7. Olivia Rodrigo // Sour
Sour is the most Taylor Swift album an album not released by Taylor Swift has ever sounded, and that’s what you get with an artist like Olivia Rodrigo who was raised listening to one of the best writers in music history. Sour is an outrageously good debut album, one for the ages, an iconic one like Billie Eilish’s 2019 debut that people will be reflecting on for years. Drivers License, a chart dominating breakup ballad put her on the map but it was Good 4 U that hammered home how much Olivia Rodrigo was here to stay. The deep cuts are just as good. Brutal is one hell of a thumping intro, all snarl and wit. Traitor is devastating, Happier a woozy tearjerker. More of this with album two please, we beg.
6. Wolf Alice // Blue Weekend
On their best ever album, Wolf Alice spend Blue Weekend constantly keeping you guessing. Blue Weekend is soft when it wants to be, screaming when it needs to be, but manages to impress at all times. Ellie Rowsell’s vocals have never sounded better, and god she does a lot with them. Surf rock, art pop, metal, riot grrrl punk – all of life is here. Blue Weekend is an album you want to sit with for days.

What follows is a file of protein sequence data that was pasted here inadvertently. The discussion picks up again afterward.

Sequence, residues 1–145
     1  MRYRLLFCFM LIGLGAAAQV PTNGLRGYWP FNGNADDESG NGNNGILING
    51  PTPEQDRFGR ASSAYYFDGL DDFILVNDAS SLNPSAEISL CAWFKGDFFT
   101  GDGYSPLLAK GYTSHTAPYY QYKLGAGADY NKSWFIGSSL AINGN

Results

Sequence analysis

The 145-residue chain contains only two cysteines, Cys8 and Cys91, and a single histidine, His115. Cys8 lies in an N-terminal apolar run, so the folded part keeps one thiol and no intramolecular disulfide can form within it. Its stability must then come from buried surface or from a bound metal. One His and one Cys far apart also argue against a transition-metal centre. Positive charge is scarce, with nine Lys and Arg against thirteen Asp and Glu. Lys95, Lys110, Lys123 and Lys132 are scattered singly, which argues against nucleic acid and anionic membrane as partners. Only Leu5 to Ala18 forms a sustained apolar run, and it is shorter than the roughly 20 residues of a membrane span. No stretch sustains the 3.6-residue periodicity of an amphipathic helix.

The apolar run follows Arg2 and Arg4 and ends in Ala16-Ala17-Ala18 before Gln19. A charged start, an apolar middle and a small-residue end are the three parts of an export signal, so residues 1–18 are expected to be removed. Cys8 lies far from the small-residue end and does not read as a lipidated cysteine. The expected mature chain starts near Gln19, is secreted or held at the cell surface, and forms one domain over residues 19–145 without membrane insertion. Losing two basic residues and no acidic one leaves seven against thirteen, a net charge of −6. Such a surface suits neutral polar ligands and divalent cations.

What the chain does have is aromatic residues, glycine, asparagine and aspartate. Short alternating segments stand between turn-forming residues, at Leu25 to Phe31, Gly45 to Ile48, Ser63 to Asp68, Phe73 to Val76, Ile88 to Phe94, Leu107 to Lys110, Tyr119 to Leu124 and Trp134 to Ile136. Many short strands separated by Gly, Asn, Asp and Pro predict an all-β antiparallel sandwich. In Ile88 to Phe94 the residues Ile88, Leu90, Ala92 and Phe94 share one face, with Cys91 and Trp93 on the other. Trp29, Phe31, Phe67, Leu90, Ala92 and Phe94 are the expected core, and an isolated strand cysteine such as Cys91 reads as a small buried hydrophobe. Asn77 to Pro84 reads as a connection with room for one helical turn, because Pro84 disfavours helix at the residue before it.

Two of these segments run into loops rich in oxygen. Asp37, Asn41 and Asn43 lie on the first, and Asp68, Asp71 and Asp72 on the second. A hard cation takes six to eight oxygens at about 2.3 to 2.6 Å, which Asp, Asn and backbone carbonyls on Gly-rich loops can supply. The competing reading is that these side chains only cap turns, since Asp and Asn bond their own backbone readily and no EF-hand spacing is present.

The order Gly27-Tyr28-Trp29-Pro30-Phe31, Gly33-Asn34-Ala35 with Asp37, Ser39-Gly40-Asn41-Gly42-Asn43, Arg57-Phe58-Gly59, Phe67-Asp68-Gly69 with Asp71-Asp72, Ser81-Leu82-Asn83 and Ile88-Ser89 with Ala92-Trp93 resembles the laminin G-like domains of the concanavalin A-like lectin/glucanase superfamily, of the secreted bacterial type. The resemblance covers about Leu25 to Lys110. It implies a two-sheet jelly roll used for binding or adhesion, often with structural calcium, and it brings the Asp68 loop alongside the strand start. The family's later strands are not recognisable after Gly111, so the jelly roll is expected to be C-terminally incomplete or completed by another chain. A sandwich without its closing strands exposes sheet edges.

5. Clairo // Sling
On her second and best album, Claire Cottrill and Jack Antonoff got cosy in the woods and crafted a record that feels like the audio equivalent of a winter blanket. It’s so beautiful at all times – whether Clairo is merely cooing her way through some dreamy orchestration or whether she’s funking it up on the toetapping Amoeba. Sling is Clairo’s Folklore and Evermore moment, and its one I hope she keeps up with in future releases. It’s an album you just completely lose yourself in, and one of the best albums of 2021.
4. Adele // 30
With 30, Adele really had a body of work to back up how great of an artist she is. All Adele albums are good, but 30 is spectacular. It’s an open, no holding back divorce record that devastates as much as it impresses – the writing is heartbreaking and the vocals stratospheric. Easy On Me was a slight red herring, the most simple song on the album but one that is still excellent. But it’s when she switches things up that 30 takes on a reign of its own. Can I Get It and Oh My God are pop bangers, I Drink Wine is a momentous centrepiece and To Be Loved is the best song of her career. Sublime.
3. Self Esteem // Prioritise Pleasure